While I dislike this whole “ordinary form”/”extraordinary form” business, I think it was wise for the Holy See to grant unfettered access to the Tridentine Mass for those clergy and faithful who desire to worship that way. Personally, I don’t see any harm in it. I furthermore appreciate that open access to the Tridentine Mass by those Catholics who prefer it provides a greater variety of liturgical expression within the Latin Church. When I see all the stunning liturgical variety in the East, I find it hard to persuade myself that we ought to insist upon strict liturgical uniformity in the Western Church.

    2. @Fr. Allan. McDonald – comment #3:
      Fr. Allan, why do you say he “may well” celebrate an EF Mass? Is this based on anything, are there any indications of it in his past? Where are you getting this from?
      awr

  4. Perhaps it’s only natural that there’s such a wide (if frequently acrimonious) divergence of views on issues of liturgy and theology, almost to the point of polarisation, which the election of our father, Francis has brought into sharp relief. After all, most of our divisions are the result of different cultural preferences. The East/West schism is one of the more obvious examples. The Anglicans have their categories of churchmanship. ‘churchpersonship’ ? 🙂

    Maybe it’s time for us to realise that greater diversity is essential if 1.2 billion Catholics are to be accommodated. It would save a lot of energy and time, and it would be more charitable, if we were to divide along broad cultural religious i.e. aesthetic, ideological, theological, ecclesiological, moral lines etc. into two or three main families and continue to allow all to call themselves Catholics.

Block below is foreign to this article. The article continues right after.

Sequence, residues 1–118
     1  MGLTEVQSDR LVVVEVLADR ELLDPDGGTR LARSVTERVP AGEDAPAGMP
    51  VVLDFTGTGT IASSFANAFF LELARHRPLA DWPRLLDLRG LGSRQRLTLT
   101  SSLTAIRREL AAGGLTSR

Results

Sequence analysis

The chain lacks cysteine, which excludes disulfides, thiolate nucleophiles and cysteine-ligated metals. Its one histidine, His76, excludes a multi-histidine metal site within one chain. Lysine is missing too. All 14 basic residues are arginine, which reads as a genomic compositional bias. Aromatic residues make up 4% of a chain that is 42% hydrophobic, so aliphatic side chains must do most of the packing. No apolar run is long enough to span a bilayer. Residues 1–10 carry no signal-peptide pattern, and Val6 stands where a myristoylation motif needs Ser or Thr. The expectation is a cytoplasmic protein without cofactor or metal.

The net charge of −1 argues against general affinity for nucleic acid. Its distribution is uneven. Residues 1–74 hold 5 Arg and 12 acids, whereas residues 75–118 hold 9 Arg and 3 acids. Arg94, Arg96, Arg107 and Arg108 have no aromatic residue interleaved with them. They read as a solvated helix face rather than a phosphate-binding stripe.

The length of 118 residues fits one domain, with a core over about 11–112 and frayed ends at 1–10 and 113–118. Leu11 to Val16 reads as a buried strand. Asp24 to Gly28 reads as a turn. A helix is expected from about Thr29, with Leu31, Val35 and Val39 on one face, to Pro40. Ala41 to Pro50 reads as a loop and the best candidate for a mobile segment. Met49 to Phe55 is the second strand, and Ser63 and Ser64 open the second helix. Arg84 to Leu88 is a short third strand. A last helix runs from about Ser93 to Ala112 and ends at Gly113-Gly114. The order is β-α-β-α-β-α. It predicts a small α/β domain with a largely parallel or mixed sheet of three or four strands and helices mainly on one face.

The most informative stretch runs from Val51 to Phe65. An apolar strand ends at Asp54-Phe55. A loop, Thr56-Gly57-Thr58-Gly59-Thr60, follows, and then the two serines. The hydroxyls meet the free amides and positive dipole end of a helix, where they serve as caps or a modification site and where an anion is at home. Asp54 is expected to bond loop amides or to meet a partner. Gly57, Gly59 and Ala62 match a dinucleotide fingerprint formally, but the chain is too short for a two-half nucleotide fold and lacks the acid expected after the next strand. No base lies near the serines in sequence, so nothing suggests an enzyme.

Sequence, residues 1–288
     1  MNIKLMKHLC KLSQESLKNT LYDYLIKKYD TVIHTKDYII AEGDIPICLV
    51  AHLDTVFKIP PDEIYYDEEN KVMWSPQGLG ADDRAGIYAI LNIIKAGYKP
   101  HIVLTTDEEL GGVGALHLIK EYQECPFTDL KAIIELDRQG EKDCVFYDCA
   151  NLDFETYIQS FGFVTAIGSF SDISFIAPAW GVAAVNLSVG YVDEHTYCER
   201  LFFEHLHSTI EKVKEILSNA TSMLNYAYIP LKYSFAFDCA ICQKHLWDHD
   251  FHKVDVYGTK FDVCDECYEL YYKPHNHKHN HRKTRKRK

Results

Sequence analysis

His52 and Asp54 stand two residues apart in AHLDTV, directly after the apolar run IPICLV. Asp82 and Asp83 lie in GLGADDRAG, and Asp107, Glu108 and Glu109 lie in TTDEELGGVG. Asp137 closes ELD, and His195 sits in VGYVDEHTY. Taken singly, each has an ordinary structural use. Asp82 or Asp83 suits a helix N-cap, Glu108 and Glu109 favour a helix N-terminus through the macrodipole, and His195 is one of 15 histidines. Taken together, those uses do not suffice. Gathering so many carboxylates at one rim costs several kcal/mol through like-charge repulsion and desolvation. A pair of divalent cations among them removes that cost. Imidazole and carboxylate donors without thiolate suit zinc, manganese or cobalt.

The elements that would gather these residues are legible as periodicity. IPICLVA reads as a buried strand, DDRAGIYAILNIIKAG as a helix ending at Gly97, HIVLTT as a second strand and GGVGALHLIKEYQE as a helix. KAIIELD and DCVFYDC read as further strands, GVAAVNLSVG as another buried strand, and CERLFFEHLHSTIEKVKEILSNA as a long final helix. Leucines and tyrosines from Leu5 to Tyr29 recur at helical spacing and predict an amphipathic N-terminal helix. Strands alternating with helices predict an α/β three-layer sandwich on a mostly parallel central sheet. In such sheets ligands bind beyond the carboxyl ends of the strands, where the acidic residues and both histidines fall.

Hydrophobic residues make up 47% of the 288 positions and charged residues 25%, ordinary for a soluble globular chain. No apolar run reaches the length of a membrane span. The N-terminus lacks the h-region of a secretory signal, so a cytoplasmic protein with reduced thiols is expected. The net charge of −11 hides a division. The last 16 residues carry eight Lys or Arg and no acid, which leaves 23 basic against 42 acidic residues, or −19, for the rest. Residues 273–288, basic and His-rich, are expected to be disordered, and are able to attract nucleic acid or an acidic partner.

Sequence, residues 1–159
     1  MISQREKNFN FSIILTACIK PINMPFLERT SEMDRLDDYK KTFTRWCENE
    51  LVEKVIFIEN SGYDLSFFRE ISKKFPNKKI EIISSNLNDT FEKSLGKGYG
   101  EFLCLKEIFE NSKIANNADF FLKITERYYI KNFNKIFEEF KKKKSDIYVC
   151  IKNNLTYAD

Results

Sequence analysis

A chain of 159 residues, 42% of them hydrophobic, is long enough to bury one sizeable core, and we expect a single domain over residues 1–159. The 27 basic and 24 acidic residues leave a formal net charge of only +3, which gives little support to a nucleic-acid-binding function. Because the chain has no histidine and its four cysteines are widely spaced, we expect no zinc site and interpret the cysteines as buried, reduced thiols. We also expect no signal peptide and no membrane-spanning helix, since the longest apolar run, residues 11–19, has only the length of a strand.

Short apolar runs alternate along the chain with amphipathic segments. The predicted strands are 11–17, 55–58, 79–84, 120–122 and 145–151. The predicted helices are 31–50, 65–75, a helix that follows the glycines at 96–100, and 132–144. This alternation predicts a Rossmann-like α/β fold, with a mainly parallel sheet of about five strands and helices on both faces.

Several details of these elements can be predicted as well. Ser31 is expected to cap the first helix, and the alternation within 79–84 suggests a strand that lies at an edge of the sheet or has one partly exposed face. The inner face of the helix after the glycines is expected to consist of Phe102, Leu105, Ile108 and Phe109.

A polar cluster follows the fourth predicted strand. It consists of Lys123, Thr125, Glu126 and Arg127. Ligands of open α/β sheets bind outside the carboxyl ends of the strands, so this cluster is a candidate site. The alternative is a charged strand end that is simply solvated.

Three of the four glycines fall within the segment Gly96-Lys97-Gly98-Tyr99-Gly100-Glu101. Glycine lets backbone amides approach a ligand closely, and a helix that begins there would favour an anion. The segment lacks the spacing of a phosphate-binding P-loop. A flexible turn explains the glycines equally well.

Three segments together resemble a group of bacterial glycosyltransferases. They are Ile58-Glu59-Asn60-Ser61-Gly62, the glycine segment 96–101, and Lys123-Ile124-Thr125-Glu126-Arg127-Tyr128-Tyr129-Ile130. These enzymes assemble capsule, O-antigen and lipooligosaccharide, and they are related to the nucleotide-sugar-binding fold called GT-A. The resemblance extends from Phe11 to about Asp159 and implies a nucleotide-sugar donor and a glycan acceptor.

5. Well, some Latin Mass folks are totally nuts, so I’m not surprised. I’ll bet the majority of the people who attend official EF Masses are not particularly alarmed. I wonder how much of the anguish is coming from the SSPX and independent Latin Mass crowd – some of those people treat official EF Masses like they are a trap set by NewChurch.

  6. As I have always said they, the EF crowd, should have their own rite, separate from the Latin Rite, similar to the Maronite, Oriental Catholic, etc. They should not be confused with the Western Rite. But they need to build their own churches and stop attempting to influence the OF. They should be monitored carefully to make certain they do not continue in their hyperbole (the EF is the unchanged mass of the ages, the EF is unchanged for 2000 yrs and other such nonsense). Furthermore, they should purchase or build their own churches, after all don’t they have churches “filled to capacity with young people”, shouldn’t be a problem raising the money. They’ve had almost 5 yrs to jump start because of SP and MP, now it’s time to leave, bye bye.

  7. The day pontiff emeritus Benedict announced his resignation, I became extremely despondent. Yes, that sounds pathetic, but it was as if I had lost someone very close in my life. Then I became angry. “Pope Benedict, how dare you leave us [the traditionalists, ordinary form high church reformers] now? We were just starting on the path of reforming the reform! Please don’t depart your post, Holy Father!”

    Benedict XVI will, I am convinced, will be remembered as the pope who, while affirming the Second Vatican Council, elevated the Ordinary Form to a yet unrealized beauty and majesty. He supported his vision with excellent encyclicals and theological studies. Pope Benedict will continue to be the exemplar of what a postmodern and postconciliar pope can be.